Zimbabwe has also measured the socio-economic impact of its LT-LEDS, taking a closer look at the job creation potential and found that investments in conservation and climate-smart agriculture could yield up to 30,000 jobs for every $1 million invested.

2. LT-LEDS must be designed through inclusive processes guided by strong political leadership

The anticipated positive effects of LT-LEDS are essential for garnering broader public and political support. In fact, designing LT-LEDS is a collective journey. It requires uniting different sectors of society and the economy, building consensus, and shaping a unified vision for a net-zero future. As such, the consensus-building process is as vital as the resulting strategy, as it establishes a platform for dialogue and ensures inclusivity.

In Kenya, the LT-LEDS was developed through extensive consultations with different groups, emphasizing a bottom-up approach and collective effort. Various domestic stakeholders came together to discuss and shape the country's path to a sustainable future, ensuring that the strategy isn’t just a vision on paper, but rooted in the realities and aspirations of the people it aims to serve.

Political leadership played a pivotal role in propelling the process forward, with President Ruto making substantial commitments to attaining net-zero emissions at COP26, and formally unveiling the LT-LEDS during the 2023 Africa Climate Summit. This top-level political leadership was key in promoting collaboration across all ministries. Without it, it would have been difficult to shape a comprehensive strategy that spans the entire economy and aligns climate, development, and economic objectives.

3. Investments in data, technical, and financial capacity are key for successful LT-LEDS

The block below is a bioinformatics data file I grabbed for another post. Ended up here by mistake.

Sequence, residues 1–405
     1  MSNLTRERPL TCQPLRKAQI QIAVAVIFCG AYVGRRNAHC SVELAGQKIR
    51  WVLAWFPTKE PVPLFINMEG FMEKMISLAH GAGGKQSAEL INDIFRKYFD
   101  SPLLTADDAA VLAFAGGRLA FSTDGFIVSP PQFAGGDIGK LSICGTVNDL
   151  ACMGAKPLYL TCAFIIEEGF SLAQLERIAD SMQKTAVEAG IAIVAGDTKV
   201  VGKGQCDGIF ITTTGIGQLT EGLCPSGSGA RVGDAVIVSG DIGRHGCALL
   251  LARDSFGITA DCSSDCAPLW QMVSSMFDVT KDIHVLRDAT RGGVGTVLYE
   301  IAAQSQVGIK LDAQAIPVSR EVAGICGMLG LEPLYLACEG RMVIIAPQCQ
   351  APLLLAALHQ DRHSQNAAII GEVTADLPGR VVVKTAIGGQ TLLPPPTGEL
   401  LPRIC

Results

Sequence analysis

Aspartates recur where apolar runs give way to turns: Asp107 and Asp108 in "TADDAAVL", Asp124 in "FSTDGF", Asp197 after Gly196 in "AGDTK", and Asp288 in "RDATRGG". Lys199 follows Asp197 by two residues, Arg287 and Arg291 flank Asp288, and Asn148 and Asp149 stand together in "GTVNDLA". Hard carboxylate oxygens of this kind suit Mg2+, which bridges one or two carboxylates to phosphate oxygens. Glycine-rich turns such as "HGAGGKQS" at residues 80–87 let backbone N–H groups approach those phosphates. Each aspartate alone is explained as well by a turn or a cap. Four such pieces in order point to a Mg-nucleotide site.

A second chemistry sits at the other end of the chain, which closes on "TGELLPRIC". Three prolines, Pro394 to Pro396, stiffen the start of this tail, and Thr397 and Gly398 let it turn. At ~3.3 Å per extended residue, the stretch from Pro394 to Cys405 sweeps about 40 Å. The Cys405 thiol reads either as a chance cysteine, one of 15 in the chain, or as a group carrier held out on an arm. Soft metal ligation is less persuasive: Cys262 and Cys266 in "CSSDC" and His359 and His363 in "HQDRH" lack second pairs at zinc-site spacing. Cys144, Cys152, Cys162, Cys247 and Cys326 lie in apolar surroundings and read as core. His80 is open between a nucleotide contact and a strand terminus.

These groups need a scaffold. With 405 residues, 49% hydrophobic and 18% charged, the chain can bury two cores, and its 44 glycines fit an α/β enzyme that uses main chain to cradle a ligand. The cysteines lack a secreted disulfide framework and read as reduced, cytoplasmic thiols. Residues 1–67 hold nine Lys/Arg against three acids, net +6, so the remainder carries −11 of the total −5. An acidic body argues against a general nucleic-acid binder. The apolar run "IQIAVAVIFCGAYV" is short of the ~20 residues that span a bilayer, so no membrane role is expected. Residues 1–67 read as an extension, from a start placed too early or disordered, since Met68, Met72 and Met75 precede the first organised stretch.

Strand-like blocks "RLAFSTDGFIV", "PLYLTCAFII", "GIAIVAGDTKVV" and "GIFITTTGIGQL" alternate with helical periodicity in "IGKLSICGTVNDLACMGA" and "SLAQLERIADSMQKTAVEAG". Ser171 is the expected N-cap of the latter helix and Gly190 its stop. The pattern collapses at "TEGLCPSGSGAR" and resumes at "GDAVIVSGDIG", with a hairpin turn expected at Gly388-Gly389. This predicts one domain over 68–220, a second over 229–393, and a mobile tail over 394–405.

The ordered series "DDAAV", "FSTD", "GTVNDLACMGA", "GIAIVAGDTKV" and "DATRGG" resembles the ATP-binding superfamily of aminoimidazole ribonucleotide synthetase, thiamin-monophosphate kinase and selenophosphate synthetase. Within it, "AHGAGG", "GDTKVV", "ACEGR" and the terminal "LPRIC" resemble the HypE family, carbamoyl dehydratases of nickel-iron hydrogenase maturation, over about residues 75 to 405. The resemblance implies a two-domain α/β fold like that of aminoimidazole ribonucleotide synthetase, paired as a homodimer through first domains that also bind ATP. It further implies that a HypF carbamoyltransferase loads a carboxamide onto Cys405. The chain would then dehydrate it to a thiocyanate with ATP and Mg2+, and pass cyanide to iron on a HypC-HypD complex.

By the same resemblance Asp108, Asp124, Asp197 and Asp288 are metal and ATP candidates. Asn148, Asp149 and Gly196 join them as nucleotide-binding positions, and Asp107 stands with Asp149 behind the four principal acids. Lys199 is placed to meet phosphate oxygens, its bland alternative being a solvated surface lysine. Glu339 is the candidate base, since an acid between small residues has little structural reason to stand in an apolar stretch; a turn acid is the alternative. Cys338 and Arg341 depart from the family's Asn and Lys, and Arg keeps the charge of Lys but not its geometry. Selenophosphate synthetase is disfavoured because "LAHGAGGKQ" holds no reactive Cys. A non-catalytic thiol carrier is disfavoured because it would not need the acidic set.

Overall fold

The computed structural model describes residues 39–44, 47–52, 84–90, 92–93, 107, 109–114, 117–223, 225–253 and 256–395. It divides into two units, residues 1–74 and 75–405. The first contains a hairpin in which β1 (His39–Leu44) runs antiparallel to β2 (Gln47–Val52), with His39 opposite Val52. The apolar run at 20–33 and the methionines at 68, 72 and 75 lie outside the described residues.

Developing LT-LEDS goes far beyond a bureaucratic exercise and offers a path rich in opportunities. However, Africa faces formidable barriers in translating these strategies into tangible actions, including data inadequacies, limited technical capacity, and financial constraints.

For instance, Kenya and Ethiopia estimate the implementation cost of their LT-LEDS at $170 billion and $157 billion, respectively. To bridge the financing gaps and harness the benefits of the net-zero transition, international and private financing needs to be mobilized, including for efforts to enhance local technical and human capacities.

Considering that most African countries encounter similar financial and capacity needs, and in the absence of universal guidelines for formulating and implementing LT-LEDS, the experiences of the eight pioneering African countries are invaluable sources of insight and practical advice for their counterparts. A platform where African countries can share their experiences, challenges, and opportunities is crucial, as their combined knowledge can guide the development of LT-LEDS more effectively and help them capitalize on the five-year implementation cycles of their Nationally Determined Contributions to drive progress towards a net zero future.

UNDP is committed to supporting countries in their journeys to net zero. We are currently supporting 12 African countries with developing and implementing their LT-LEDS. Globally, a total of 27 countries, accounting for over two-thirds of all global requests received under the NDC Partnership's thematic call, are receiving support from UNDP. This commitment to the development of LT-LEDS is critical as they are vital tools for achieving long-term climate goals, promoting sustainable development, and fostering international cooperation in the fight against climate change.

Editor's Note: If you found this blog useful, check out our explainer on Long-Term Strategies.